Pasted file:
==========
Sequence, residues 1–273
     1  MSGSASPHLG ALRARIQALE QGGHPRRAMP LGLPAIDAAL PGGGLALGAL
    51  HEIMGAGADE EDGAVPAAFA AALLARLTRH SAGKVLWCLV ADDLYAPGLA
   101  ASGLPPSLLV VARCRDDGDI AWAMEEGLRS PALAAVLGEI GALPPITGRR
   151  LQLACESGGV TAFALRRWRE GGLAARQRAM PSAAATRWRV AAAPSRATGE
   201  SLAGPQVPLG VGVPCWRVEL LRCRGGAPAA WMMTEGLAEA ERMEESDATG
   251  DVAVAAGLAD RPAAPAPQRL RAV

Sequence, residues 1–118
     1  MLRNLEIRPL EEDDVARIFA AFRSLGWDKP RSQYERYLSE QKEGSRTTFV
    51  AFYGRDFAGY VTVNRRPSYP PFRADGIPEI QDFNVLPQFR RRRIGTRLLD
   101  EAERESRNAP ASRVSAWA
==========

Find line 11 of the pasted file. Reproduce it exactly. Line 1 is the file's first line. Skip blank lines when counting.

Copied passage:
   101  EAERESRNAP ASRVSAWA